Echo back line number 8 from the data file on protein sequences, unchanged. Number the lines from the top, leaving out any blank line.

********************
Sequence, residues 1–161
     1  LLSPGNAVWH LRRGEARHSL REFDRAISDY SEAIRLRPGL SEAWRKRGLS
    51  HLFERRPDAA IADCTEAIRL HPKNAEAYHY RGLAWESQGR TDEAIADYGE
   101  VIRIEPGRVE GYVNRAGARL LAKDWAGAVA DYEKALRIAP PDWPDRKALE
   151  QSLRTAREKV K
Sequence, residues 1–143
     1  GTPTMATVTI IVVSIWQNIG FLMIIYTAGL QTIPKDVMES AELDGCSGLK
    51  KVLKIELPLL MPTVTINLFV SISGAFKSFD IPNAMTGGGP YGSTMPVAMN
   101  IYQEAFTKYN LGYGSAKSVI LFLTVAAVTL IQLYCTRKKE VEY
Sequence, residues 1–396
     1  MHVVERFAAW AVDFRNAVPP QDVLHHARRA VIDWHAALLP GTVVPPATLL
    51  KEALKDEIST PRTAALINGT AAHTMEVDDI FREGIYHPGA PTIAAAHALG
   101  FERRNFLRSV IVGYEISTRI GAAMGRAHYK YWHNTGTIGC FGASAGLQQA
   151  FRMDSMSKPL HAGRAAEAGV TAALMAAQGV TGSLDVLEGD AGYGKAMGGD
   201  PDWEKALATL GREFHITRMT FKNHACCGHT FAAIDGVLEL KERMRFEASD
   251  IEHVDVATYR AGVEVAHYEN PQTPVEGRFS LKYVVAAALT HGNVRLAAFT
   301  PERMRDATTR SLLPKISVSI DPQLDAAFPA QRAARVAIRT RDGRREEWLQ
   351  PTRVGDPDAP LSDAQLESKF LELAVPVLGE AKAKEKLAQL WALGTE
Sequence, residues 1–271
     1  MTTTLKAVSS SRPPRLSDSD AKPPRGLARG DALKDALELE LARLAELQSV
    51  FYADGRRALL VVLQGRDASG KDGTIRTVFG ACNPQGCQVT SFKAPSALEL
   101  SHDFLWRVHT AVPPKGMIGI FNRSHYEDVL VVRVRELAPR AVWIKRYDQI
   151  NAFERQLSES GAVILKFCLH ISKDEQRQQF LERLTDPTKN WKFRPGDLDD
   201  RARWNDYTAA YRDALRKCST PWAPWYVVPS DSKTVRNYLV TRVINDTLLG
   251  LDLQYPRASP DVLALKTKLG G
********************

    51  KVLKIELPLL MPTVTINLFV SISGAFKSFD IPNAMTGGGP YGSTMPVAMN